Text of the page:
Salomon Air Logo Cap and Active Gloves

Other shoes

I have written in my Gear Outtakes article about a few other trailrunning shoes I have used this summer, all of which I have liked. Each pair seems to excel in different conditions, and some of the shoes I got (like the La Sportiva VK) really are superb shoes for my local trails, while some other ones I will be using when I go running in the mountains later in the autumn. I might follow this article up with another article before the winter when I have ran a decent amount of kilometres in each pair.


Petzl NAO+

I have used the NAO+ for a long time (I was a Beta tester for it) and still find it my favourite lamp for running and other activities when it gets dark (hiking, cycling, ice climbing and ski-touring, for example). At 195 g it is not the lightest headlamp out there, but with a maximum of 750 lumen it illuminates the trails really well and I don’t need to worry about not seeing a root or slippery rock. It sits secure on my head, the weight is well distributed and it’s easy to control the lamp via the iPhone app to change settings. If you run in the dark and want a light that adjusts it’s output depending on where you look - this is the one you want! / 195 g

Petzl NAO+

Jaybird Freedom 2 Headphones, BUFF and Oakley Latch Shades

I don’t run without music. I find it helps me to lose my mind when running, power up hills and get energy when I think I can’t continue anymore. In the middle of the summer I got the Jaybird Freedom 2 Headphones and it has been such an update from the standard iPhone headphones. The latter had the cable, but the Jaybird Freedome 2 are wireless which is such a treat. On a full charge they play music for 4 hours, the block out noise really well, and they don’t have trouble with sweat as they’re Sweat-proof & water resistant. The headphones come with several interchangeable tips and fins which makes getting a perfect fit with them a breeze - and most importantly, they sound fantastic! (This is the playlist I mostly listen too when running) / 20 g incl. the clip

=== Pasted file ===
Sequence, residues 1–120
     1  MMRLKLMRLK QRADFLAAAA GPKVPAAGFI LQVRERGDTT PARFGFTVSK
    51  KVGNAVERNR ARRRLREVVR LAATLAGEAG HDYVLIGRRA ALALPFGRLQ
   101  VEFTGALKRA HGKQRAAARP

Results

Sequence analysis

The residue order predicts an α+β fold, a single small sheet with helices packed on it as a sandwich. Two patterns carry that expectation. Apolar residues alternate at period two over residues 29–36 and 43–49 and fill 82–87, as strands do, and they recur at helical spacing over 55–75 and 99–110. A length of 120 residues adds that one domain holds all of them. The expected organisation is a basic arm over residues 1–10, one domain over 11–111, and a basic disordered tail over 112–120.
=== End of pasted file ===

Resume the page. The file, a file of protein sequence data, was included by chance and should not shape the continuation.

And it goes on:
My BUFF is ancient and I use it mainly to keep the sweat from my face and the hair outta my eyes. On those super-sunny runs it also helps protect my head from the sun, and after the run it’s easy to wipe the sweat and grime off with it. When it will turn colder it can function has a beanie or around my neck, making this a great multi-use piece throughout the year. / 44 g

My Oakley Latch Shades I bought early in the winter of 2018 and boy do I love them. They’re small in size and fit my head well, they really are anti-fog as they’re pretty open and yes, they also look cool. They are very light, super comfortable for all-day long use (and I do use them all the time when I am outside) and when I run they sit securely on my head in combination with the Buff. In the forest they keep pine needles, leaves and twigs outta my eyes, and out in the open the sun and it’s UV rays have no chance of getting into my eyes. / 22 g

Shades, BUFF and Jaybird Freedom 2

Energy for my runs

I have used these Clifbar Gels and Bloks for many years now and like them, but as I am slowly transforming my diet (I aim to be Vegan, nutrition-wise, by the end of the year) I hope to find something which suits me better. I tried Trailbutter at the #OutDoorFN and loved that, but sadly it isn’t possible to get these in Europe just yet. Thus for now I will stick to the gels and blocks from Clifbar, which I can use without much problems to my stomach or digestion, and they give me a good boost when I am out on a long run!


That’s it! All the gear (minus some packs, which I don’t want to write about just yet) I use when I go running. It might seem a lot, though in reality it’s a pretty lightweight and compact kit and easily always comes along on my trips where I’m not backpacking for a week. Best of all, it makes me happy to put it on, head out and get my head free when I’m running through my local forests 🏃!